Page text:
I woke up one morning a few weeks later to discover several inches of snow on the ground, unusual in Mound Bayou.  I was anguished as I thought of my students trudging through the snow with rags on their feet.  How were they going to manage?  I pictured them shivering in their unheated shacks with the wind blowing through cracks in the walls.  At least when they arrived at school they’d be protected from the weather.
Charles and Jo were too excited to notice I was upset.  Snow!  They grabbed their winter coats and ran outside to play, eager to build a snowman and have a snowball fight, as they’d done when we lived in Boston.  They roamed the neighborhood, looking for friends, but the streets were deserted.  No one else was out playing in the snow because no one else had winter jackets and gloves to keep them warm.  It didn’t take the children long to figure it out and their excitement melted away.  They came home asking when the weather would turn warm again, worried about how their friends would survive the unusual cold spell.
How our lives had changed in just a few short months!  My children were developing a strong sense of empathy for those less fortunate, something that might never have happened had we remained in our comfortable lifestyle back in Boston.  When I’d first resolved to follow Leon to Mississippi, I saw it as the lesser of two evils:  uproot my children and myself  for transplantation in a dreary and hazardous setting, or watch my husband go without us, perhaps never to see him again.
Now, I saw our move as the adventure Leon had envisioned from the beginning.  Our children were learning incredible life lessons.  My work at the high school inspired me in a way I never could have imagined.  And I was proud of Leon’s efforts at the clinic.  Our accomplishments gradually erased my qualms, especially since the dangers I feared never seemed to materialize.  I learned later that Leon saw them first-hand when he provided medical care for people who had been beaten up for being in the wrong place at the wrong time.  He kept those incidents to himself so as not to frighten the children and me.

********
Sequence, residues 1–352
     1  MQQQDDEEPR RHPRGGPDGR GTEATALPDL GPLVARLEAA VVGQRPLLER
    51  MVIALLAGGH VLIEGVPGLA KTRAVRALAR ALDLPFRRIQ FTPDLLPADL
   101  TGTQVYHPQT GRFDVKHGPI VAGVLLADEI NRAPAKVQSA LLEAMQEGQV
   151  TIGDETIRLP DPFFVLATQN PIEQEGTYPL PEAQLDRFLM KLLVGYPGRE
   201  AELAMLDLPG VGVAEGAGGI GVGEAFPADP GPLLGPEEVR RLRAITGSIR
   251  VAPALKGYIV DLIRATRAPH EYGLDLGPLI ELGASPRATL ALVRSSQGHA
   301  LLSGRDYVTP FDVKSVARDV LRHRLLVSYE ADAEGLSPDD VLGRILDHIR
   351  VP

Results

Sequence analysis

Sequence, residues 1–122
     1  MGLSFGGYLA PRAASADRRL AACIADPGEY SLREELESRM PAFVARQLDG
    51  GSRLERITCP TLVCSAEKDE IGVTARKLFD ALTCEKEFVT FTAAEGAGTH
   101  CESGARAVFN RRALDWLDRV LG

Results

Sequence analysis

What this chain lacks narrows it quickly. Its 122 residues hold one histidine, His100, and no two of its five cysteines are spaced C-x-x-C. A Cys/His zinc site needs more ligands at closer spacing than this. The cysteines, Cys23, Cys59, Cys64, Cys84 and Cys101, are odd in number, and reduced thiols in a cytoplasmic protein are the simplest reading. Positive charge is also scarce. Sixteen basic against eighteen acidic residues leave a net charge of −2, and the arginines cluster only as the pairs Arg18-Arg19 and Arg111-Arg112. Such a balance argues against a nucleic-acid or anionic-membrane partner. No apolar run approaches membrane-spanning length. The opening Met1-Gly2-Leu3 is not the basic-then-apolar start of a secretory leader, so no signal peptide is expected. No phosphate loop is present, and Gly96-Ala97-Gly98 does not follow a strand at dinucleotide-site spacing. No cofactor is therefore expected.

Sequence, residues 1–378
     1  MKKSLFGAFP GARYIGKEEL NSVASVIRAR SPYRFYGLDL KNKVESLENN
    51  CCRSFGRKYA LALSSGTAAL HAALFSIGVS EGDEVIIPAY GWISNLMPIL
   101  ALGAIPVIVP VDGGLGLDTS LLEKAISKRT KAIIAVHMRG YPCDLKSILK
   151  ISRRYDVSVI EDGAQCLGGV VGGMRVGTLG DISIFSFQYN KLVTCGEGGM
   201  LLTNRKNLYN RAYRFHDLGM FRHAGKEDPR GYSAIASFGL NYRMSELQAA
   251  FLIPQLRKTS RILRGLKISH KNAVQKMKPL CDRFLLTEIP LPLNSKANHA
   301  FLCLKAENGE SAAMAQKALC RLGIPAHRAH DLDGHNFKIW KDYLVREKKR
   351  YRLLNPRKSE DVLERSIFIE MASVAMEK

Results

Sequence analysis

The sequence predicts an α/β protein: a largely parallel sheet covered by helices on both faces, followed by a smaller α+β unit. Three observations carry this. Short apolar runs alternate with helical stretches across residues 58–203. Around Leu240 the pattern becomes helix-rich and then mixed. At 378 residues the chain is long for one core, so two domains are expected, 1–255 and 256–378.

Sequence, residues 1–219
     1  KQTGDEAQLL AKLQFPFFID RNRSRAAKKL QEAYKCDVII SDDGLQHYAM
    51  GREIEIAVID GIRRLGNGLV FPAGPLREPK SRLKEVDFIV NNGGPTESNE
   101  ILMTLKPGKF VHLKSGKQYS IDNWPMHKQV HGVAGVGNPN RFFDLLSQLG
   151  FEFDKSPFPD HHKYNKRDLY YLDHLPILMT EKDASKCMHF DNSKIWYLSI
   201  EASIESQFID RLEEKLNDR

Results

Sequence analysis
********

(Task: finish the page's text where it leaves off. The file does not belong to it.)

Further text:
Philip, who by this time was almost fourteen, would have been unafraid even if he’d known about any violence.  Like teenagers everywhere, he viewed himself as invincible, never believing anything bad could happen to him, and he firmly believed he could handle whatever came his way.  Much as I wanted to protect him and insist that he take no risks, I felt as if I’d given up my parental right to restrict his activities.  Since Leon and I had planted our family in a political hotbed, how could we expect him to ignore the injustices we constantly saw around us?  Moreover, although we were afraid for his safety, we were proud of him for taking a stand and getting involved.
Not all of the adults in town shared our attitude, hesitant to have the teenagers make waves for fear of retaliation from the white communities in nearby towns.  Some were even upset when I encouraged students to think of themselves as Black instead of Negro.  Shaken out of my naivet√©, I learned a lot about politics that year.  I learned that one bigwig in town had been given land to plant food for his family in exchange for keeping others in the town quiescent.  People feared that if they rocked the boat, they’d lose their jobs and their families would starve.  Even though the town was owned and run by Blacks, the white power structure was in control in many ways.
Philip and his friends, undeterred by the concerns of the older generation, decided to integrate the lunch counter at the bus depot in Shelby, following in the footsteps of  civil rights workers before them.  They were met at the door by a man blocking their path, saying they weren’t welcome.  Philip, already the budding lawyer, argued that since the bus depot serviced interstate traffic, the restaurant was bound by federal law and therefore could not discriminate against black people.  Wanting to avoid any hassles, the manager allowed them in, but then quoted prices ten times higher than usual.  Realizing they didn’t have enough money to pay, Philip and his friends decided to try a different restaurant, where they were able to achieve their goal.